I used to hate filing my taxes more than anything else in this world. It became an infamously dark time in my home. Once April hit, my family and friends would start keeping their distance from the mumbled curses and rants that always preceded me locking myself away in my office at 10pm on April 14th while I frantically dug through paperwork I’d “filed” (read: shoved unceremoniously into my sock drawer) over the past year, googling tax tips furiously and calling my dad in tears begging for help (and disparaging our government) as I tried to remember what the correct forms to file for the highest deduction.
Dark times, people. Dark times.
As a contract worker, I could always expect to pay thousands of dollars in taxes, and after one (dreadful) year of paying close to $8,000 in taxes, I decided my current strategy of rage and procrastination probably wasn’t doing me any favors when it came to saving money. I decided it was time to educate myself about how I could responsibly pay my taxes, while also taking full advantage of the deductions that were available for me. Here are a few deductions you may not know as we dive into tax season!
We all know that saving is more important than ever, and the IRS actually rewards you if you start investing in your own future (which you should). If you have an IRA (Individual Retirement Account) or if your company sponsors a retirement account for you, you may be eligible for up to $2,000 tax credit if you’re single, and $4,000 if you file jointly!
Sidenote: It is insanely easy (and wise) to set up an IRA! I highly recommend using Betterment. Everything can be automated, and their investment algorithms keep your bank account growing without you having to constantly manage it.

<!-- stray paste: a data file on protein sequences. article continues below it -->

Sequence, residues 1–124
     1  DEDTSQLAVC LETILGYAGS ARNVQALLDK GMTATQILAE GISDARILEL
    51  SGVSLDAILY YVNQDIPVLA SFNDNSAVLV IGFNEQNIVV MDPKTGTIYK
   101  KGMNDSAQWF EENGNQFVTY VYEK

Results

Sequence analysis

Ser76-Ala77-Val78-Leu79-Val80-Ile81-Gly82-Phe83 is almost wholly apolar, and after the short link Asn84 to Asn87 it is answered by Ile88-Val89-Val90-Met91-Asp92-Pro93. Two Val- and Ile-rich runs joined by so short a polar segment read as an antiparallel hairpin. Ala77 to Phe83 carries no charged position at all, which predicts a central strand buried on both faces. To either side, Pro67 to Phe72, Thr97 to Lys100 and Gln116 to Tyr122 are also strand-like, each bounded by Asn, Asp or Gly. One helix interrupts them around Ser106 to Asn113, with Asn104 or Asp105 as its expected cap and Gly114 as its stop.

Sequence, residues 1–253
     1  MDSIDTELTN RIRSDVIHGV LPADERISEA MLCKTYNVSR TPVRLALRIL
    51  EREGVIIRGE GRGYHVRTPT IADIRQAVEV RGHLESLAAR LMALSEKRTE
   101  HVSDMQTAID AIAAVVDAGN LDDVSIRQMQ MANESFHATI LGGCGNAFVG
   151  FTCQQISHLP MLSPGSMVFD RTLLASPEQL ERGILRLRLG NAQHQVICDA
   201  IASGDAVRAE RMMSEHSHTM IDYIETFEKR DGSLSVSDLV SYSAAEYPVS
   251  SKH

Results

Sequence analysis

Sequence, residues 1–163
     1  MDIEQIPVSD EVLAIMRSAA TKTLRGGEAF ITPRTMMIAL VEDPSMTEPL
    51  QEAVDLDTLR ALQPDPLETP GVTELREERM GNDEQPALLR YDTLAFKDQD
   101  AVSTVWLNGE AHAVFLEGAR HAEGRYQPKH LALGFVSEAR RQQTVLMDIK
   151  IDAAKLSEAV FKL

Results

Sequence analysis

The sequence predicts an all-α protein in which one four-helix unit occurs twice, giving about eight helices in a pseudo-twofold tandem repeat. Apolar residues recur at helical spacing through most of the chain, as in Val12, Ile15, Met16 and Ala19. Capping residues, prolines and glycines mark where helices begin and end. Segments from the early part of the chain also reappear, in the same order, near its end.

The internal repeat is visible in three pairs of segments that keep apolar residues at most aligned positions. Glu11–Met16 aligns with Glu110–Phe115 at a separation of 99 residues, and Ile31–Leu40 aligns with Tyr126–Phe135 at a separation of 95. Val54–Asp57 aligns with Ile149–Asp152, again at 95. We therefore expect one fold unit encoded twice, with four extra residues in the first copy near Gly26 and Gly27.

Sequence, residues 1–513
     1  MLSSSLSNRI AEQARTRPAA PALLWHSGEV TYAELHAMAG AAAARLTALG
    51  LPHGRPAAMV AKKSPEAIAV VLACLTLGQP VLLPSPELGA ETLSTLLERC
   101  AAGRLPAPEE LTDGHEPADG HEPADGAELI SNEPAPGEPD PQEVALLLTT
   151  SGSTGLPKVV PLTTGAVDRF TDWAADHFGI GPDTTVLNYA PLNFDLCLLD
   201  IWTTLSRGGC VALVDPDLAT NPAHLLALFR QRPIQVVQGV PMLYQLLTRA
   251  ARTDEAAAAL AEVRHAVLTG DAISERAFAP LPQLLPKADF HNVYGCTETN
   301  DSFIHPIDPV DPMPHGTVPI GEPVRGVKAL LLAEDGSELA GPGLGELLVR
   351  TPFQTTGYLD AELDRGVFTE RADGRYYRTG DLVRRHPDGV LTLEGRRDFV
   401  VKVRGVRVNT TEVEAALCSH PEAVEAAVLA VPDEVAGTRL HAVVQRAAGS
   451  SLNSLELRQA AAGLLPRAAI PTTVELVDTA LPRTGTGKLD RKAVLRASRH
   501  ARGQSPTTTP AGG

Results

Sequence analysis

Did you know that if you volunteer for a 501(c)(3) tax-exempt organization, you may be eligible for a tax break? Be sure to record mileage when you head to your favorite charity, and any out-of-pocket expenses you spend while doing so! As with all tax breaks, there are exceptions and rules, so be sure to keep your volunteer work documented, and do your research.
We all know it hurts to pay those student loans, but did you know they are tax deductible? Even if your parents paid back your student loans, they are still deductible for you (not your parents). Each year, you can deduct up to $2,500 of student-loan interest paid by you, or your parents.
Did you send your child or dependent to day-care or summer camp? Did you rack up a lot of babysitting bills throughout the year? The good news is that up to 35% of expenses - $3,000 for one child, and $6,000 for two - are tax deductible!
As someone who has moved across the country for work reasons multiple times, I deeply empathize with the pain of seeing those bills rack up! Thankfully, those expenses are tax deductible as long as you move within 50 miles of your new workplace and work full time for 39 weeks out of your first year in your new home.
Most people know that you can write off items that you donate to charitable organizations like Goodwill or the Salvation Army. Just make sure to keep records of what you donated and when, and pay attention. Itemize your deductions, then check to see that the total of your deductions is greater than whatever the standard deduction is - if it’s not, then go with the standard deductions!
If you are still in school, or if you have graduated, but decided to take some extra classes for your own benefit, you can deduct from those expenses! If you’re in a post-secondary school, ask them for Form 8863 and plan on claiming a maximum credit of 20%, up to $10,000, in eligible costs.
Sidenote: You cannot claim this and the American Opportunity Credit in the same year, and if you are a student in one of your first four years of university, it will probably make more sense for you to claim the American Opportunity Credit.
Did you have a hard year? Did projects fall through, or maybe you got laid off? Assuming you are over 25 and under 65, you may qualify for help from the federal government by taking advantage of this refundable tax credit. It ranges from a credit of $519 - $6,431 for 2018, and you can see if you qualify right here. If you’ve never applied but qualified in the past, you can apply to claim this credit for up to the past three previous years.